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Infection prevention practices in Swedish emergency departments: results from a cross-sectional survey
Department of Emergency Medicine, Brigham and Women's Hospital, Neville House, Boston MA, United States; Department of Medicine, Harvard Medical School, Boston MA, United States.
Department of Clinical Science and Education, Karolinska Institutet, Stockholm, Sweden; Department of Emergency Medicine, Södersjukhuset, Stockholm, Sweden.
Department of Emergency Medicine, Brigham and Women's Hospital, Neville House, Boston MA, United States; Department of Medicine, Harvard Medical School, Boston MA, United States.
2015 (English)In: European journal of emergency medicine, ISSN 0969-9546, E-ISSN 1473-5695, Vol. 22, no 5, 338-42 p.Article in journal (Refereed) Published
Abstract [en]

OBJECTIVE: Healthcare-associated infections (HAIs) are a leading cause of preventable morbidity and mortality. Emergency departments (EDs) are a potential source of HAIs as they are the site for large volumes of patients in tight quarters and often focus on immediate life threats over prevention. We aimed to estimate the extent to which Swedish EDs have adopted evidence-based measures to prevent HAIs. The second aim was to identify predictors of high hand hygiene compliance.

MATERIALS AND METHODS: We developed a survey on the basis of an instrument used in a US survey in 2011. We modified the survey to reflect Swedish ED practice, and emailed it to ED directors between February and April 2012. We calculated proportions, odds ratios, and 95% confidence intervals, and used logistic regression to adjust for independent variables.

RESULTS: We received responses from 59 of Sweden's 72 EDs (82%). Thirty-nine percent of EDs participate in a project to improve hand hygiene compliance. Staff hand hygiene compliance rates were audited at least monthly in 45% of EDs. Forty-three percent reported a compliance rate of 80% or more. The only independent predictor of greater than 80% hand hygiene compliance was auditing compliance frequently - at least monthly (odds ratio 6.3, 95% confidence interval 1.7-24, P=0.01). A majority of Swedish EDs (58%) have a written policy for the appropriate use of urinary catheters. Twenty-one percent participate in a project to reduce catheter-associated urinary tract infections.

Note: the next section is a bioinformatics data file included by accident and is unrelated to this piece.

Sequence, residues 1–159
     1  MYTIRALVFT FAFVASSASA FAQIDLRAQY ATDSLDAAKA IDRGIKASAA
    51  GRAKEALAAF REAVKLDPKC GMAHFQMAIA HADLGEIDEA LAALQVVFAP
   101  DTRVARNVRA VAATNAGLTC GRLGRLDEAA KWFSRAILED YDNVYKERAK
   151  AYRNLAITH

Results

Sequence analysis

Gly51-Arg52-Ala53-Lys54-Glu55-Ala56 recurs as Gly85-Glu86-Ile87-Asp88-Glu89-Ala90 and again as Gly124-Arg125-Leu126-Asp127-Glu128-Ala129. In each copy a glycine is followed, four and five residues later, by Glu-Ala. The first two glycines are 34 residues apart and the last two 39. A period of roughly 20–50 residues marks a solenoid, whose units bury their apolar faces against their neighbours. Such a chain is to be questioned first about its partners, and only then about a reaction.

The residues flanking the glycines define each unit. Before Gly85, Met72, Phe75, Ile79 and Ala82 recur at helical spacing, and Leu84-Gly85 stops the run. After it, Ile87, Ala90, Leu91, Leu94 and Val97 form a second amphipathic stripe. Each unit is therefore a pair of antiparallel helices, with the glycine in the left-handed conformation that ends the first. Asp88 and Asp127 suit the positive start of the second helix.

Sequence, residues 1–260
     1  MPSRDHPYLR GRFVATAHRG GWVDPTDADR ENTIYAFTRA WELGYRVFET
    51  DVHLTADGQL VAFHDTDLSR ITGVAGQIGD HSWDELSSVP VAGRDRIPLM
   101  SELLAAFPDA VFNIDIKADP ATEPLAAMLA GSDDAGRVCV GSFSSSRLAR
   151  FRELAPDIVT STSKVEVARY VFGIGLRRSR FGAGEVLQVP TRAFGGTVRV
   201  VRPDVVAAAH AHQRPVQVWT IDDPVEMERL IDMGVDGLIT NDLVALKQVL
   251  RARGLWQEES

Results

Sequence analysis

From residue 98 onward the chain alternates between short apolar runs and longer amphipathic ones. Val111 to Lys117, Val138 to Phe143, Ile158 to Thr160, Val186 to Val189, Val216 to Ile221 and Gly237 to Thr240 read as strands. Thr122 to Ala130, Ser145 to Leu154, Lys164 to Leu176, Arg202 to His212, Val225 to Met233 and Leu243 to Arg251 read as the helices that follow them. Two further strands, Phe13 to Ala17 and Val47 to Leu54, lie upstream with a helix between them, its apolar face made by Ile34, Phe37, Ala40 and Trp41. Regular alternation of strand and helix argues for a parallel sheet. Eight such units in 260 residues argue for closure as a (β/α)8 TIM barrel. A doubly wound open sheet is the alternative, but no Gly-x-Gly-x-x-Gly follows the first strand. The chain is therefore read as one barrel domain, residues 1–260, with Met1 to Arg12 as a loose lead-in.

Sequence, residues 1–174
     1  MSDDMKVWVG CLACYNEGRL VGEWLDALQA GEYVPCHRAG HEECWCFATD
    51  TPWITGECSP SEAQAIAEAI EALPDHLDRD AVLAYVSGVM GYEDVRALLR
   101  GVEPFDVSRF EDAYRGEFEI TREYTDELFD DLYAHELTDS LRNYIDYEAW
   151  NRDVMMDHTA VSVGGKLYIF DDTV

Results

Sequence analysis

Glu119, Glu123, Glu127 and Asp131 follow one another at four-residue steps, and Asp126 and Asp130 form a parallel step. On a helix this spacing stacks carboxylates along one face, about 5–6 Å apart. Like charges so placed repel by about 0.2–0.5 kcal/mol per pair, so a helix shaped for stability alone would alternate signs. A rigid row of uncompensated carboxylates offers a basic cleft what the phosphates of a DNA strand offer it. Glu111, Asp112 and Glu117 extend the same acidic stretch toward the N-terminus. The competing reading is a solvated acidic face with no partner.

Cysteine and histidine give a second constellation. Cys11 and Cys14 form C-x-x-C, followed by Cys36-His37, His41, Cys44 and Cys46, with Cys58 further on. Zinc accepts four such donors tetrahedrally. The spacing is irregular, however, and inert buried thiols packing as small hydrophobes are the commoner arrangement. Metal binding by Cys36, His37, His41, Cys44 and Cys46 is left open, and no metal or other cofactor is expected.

CONCLUSION: A minority of Swedish EDs are participating in projects to address hand hygiene and catheter-associated urinary tract infection. Frequent auditing of hand hygiene compliance may improve compliance rates.

Place, publisher, year, edition, pages
Lippincott Williams & Wilkins, 2015. Vol. 22, no 5, 338-42 p.
Keyword [en]
emergency department; emergency medicine; hand hygiene; infection control
National Category
Anesthesiology and Intensive Care
Identifiers
URN: urn:nbn:se:oru:diva-59348DOI: 10.1097/MEJ.0000000000000159ISI: 000360659300008PubMedID: 24999671Scopus ID: 2-s2.0-84940979126OAI: oai:DiVA.org:oru-59348DiVA: diva2:1135850
Note

Funding Agency:

Grant Number Agency for Healthcare Research and Quality (AHRQ)  R18 HS020013-01  R13 HS021616-01 

Available from: 2017-08-24 Created: 2017-08-24 Last updated: 2017-10-18Bibliographically approved

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Citation style
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